Re: I have a question about the future of cryptography.
1024/2048 bits for what kind of cryptography?
For public (asymmetric) key, it probably is on the low side for 50 years from now... even more so depending on which method of public key encryption you are talking about (for example, a 1024bit ECC key is a stronger key than a 1024bit RSA key).
For symmetric key, it is probably more than sufficient (256bit is considered very good right now).
For public (asymmetric) key, it probably is on the low side for 50 years from now... even more so depending on which method of public key encryption you are talking about (for example, a 1024bit ECC key is a stronger key than a 1024bit RSA key).
For symmetric key, it is probably more than sufficient (256bit is considered very good right now).

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Re: I have a question about the future of cryptography.
First of all, as Daemonic said, the strength of a keysize depends on the algorithm you're talking about. For instance, RSA uses the product of two prime numbers as part of its keys, but not all bitstrings of the required length are valid numbers in this sense. Symmetric algorithms in contrast can often use all possible keys, so far fewer bits are necessary for the same level of security. In the old days (i.e., early 90s) of very strict US export rules that classified reasonably strong encryption as munitions, it was illegal to ship products outside the country that were capable of using encryption with keysizes greater than 40 bits. This was laughably weak, even for those times. Netscape essentially had to release two versions of their browser: one for America that had normal SSL, and one for the international community that was exactly the same but leaked most of the key bits. This restriction also forced CSS (Content Scrambling System, the DRM mechanism on DVDs) to only use 40 bits, making it possible for desktop computers to actually bruteforce a movie in a few minutes. 128bit and 256bit keys on the other hand are considered secure these days, for symmetric algorithms. 512bit for publickey algorithms are not so great, compared to 1024 or 2048.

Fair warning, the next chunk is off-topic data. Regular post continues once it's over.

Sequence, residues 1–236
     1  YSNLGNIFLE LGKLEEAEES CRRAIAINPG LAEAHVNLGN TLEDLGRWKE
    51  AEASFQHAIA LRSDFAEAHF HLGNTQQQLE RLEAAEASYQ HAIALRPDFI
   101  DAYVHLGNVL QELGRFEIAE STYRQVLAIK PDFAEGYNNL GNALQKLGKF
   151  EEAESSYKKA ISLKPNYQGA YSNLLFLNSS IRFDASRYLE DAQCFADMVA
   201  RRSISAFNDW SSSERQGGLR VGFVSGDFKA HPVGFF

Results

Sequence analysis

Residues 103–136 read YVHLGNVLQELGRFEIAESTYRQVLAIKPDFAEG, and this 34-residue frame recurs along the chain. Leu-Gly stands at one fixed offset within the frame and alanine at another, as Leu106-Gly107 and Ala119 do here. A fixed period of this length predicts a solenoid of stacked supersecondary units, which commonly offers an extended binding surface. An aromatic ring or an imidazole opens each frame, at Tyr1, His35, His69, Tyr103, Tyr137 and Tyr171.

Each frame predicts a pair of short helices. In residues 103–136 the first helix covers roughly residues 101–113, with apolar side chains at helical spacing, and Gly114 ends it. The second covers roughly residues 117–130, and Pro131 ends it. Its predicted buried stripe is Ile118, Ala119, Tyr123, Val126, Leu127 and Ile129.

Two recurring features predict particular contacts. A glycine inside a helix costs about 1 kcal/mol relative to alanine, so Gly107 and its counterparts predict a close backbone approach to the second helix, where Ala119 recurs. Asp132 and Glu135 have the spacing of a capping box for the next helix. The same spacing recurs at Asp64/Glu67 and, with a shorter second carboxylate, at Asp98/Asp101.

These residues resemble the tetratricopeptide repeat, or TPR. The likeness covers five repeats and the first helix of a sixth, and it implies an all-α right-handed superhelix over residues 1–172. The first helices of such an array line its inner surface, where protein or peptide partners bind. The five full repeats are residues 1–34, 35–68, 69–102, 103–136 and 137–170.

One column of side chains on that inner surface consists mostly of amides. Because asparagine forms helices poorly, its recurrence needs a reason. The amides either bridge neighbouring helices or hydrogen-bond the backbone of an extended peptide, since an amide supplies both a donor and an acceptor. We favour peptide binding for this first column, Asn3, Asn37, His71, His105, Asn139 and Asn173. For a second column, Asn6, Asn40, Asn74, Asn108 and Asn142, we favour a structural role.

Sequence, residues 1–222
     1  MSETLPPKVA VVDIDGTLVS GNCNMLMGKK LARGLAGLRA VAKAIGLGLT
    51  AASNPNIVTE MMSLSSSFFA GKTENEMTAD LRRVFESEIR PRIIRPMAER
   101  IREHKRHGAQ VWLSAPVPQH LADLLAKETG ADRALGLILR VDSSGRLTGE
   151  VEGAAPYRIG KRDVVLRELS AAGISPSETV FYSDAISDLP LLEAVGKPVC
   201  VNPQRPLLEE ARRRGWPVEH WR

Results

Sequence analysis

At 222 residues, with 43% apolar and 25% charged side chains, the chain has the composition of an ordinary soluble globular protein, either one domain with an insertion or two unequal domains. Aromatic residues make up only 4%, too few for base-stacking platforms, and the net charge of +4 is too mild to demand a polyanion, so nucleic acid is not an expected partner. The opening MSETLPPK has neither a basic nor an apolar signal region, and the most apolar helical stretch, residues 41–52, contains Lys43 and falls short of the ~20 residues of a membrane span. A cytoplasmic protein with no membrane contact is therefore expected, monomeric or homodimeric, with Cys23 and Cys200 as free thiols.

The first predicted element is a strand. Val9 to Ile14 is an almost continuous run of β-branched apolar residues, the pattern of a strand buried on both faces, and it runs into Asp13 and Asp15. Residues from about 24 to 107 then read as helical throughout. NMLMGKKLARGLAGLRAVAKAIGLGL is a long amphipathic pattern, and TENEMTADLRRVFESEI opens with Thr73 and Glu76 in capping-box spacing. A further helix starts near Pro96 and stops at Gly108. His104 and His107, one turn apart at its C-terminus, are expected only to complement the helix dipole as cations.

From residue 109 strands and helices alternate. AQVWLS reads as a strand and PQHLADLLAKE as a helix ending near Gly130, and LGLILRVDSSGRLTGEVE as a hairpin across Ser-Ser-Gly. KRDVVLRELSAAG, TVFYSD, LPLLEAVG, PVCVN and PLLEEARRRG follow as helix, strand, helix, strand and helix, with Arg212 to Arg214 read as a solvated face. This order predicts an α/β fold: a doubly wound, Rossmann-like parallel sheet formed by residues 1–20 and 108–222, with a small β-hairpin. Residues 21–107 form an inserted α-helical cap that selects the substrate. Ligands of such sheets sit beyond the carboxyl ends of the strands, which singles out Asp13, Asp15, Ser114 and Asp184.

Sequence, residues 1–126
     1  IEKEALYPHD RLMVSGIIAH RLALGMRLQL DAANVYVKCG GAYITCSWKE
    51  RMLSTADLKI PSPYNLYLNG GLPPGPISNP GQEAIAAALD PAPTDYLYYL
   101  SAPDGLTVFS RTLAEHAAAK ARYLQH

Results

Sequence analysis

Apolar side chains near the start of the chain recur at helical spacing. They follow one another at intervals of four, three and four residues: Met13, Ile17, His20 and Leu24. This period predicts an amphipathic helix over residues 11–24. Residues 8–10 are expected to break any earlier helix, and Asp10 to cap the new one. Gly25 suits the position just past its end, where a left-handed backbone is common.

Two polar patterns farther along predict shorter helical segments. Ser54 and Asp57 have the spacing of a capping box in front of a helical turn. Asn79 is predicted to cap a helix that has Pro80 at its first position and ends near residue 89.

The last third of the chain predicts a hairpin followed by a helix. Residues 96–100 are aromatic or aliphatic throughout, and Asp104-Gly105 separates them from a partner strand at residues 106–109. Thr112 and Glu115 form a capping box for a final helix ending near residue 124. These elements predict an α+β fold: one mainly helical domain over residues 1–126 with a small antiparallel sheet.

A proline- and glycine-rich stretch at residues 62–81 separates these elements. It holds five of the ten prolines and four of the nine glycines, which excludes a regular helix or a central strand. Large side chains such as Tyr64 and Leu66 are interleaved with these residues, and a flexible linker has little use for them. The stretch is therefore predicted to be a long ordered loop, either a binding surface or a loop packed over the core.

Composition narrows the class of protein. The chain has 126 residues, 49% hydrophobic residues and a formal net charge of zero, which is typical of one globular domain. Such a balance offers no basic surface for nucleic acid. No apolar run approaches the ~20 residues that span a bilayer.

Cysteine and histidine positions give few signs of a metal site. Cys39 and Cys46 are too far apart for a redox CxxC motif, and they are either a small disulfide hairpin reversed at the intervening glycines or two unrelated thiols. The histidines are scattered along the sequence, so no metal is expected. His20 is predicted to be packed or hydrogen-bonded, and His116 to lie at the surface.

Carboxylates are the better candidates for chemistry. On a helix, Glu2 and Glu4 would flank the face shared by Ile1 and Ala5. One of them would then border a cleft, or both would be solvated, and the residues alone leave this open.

By the way, if you've ever seen the movie Swordfish, the moment I laughed/cried the hardest during the entire movie was when they made use of a 128bit RSA key.
To be pedantic, 2 ^ ((20202008)/1.5) ~= 256 times more powerful.
Yes, but the number of processors wouldn't increase exponentially as Moore's Law has, would it?
No no no no no no no no.
Ok, let's assume that you have a cryptographic message you want to decode (break, since you don't have the key; you are an adversary). Let it be a symmetric 256bit cipher, for instance. If you don't know any algorithm that breaks the system, as is the case for all good systems that would be in use, then the only thing you can do is try decrypting it with every single possible key (2^256 choices). This is called a bruteforce attack, because it's very simple and requires computational "strength". When the correct key is found, you (or rather, the automated program you run) will know because the resulting plaintext will actually make sense instead of looking like random gibberish.
That said, bruteforcing any real system is essentially impossible in practice. To understand why requires a good working knowledge of the exponential function. Suppose that everyone used N many key bits for an algorithm, and that you were *just* on the verge of having enough computational power to be able to decrypt it. Now, if everyone switched over to using just 10 more bits, the problem difficulty suddenly increased by a factor of 2^10 = 1024 times! Because the users' normal tasks of encrypting and decrypting *with* the key are not exponential operations, whereas your task of bruteforcing the system is, you are at a severe disadvantage.
So suppose you wait a bit for Moore's law, if it's still around, to catch up, giving your computer dozens to hundreds of times more power than it had before. And suppose you gain access to a few billion new machines around the world, increasing your computational abilities by that factor. So what? You only have a hundred billion times more computational power, so all everyone else needs to do is tack on another 37 bits (2^37 ~= 128 billion) and you're right back where you started.
Let's use some actual numbers. Suppose you can perform one million decryption attempts per second. A 16bit key could be broken in 66 milliseconds. A 64 bit key could be broken in 584,555 years. A 256bit key would take more millennia than there are atoms in the observable universe. And symmetric ciphers in the absurd range of thousands of bits are *well* beyond astronomical comparisons.
This is why I'm not moved when you speak of being able to crack encryptions in a few hundred years (or indeed, at any time before the heat death of the universe), without significant advances in finding ways to break various encryption schemes that do not involve bruteforce.